Under Armour has explored several segments as it has evolved as a company over the years. In the beginning stages of its existence, Under Armour used concentrate niche segmentation to target a more specific segment. They designed shirts for football players to wear that would wick away moisture. The initial goal was to market to those with the “tough-guy and football image” (Murray & Saghian, 2016).
As Under Armour grew, they were able to expand their business to a wider market of men. They made products that were not jus for football players, but the athletic male in general. The targeted men consisted of those looking for modern, and innovative apparel that still served a technical purpose (Murray & Saghian, 2016).
After succeeding in this market, Under Armour decided it was time to put more focus on another segment, and that was women’s apparel. Under Armour now uses a differentiated segmentation strategy. This means they target multiple segments in hopes of holding a large share of the market, in each segment (Kardes, Cronley, & Cline, 2012).
In Consumer Behavior, Kardes, Cronley, and Cline outline four things to consider when segmenting a market.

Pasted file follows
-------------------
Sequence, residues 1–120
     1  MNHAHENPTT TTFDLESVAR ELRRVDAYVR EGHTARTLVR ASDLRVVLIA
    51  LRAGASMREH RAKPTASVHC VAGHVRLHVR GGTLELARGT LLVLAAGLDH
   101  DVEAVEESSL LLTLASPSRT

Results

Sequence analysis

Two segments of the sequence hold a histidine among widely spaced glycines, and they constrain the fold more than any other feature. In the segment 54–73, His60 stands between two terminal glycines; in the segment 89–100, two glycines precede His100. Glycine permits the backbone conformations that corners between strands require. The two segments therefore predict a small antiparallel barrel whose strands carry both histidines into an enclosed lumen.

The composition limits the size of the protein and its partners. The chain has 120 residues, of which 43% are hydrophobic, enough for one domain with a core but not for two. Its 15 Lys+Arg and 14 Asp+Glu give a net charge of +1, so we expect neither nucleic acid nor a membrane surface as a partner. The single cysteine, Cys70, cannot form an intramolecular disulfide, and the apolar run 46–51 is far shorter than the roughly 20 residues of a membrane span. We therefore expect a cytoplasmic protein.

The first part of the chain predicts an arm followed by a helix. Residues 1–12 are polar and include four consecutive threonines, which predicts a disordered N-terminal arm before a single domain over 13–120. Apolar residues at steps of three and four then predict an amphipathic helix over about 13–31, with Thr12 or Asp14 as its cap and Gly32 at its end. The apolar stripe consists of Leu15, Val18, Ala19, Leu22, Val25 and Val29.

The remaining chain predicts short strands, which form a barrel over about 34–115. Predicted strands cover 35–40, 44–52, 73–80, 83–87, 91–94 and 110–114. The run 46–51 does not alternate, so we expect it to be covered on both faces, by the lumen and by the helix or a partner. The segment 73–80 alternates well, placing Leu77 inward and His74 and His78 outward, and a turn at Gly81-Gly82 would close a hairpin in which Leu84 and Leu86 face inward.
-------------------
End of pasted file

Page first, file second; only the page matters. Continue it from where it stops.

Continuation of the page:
- Consumer preference heterogeneity: Firms should think about how differentiated preferences are inside the market. When there is more variability within a market, the firm can increase segmentation and increase potential profits
- Majority fallacy: Firms should think about pursuing smaller segments rather than the majority, or average segment. Smaller segments have less competition than the majority, and could prove more profitable, as a result.
- Sales-cost trade off: Firms must consider when the costs of additional segments begin to exceed the sales they bring in. With each new segment, there are new costs associated with equipment, labor, and resources to product the new product line.
- Cannibalization: when a firm targets to many segments, their products may begin to compete with each other.
Where does Under Armour go from here? I think an interesting market segment that Under Armour could explore would be athletes with disabilities. They could create clothes for athletes who may be paralyzed in parts of their bodies, or have had amputated limbs that result in regular clothes not fitting correctly. This would be a niche-segmented strategy that could set them apart from the competition. The idea that Under Armour wants to be inclusive off all types of athletes could resonate with the hearts of others outside the niche, but still inside other segments who have not purchased from Under Armour in the past.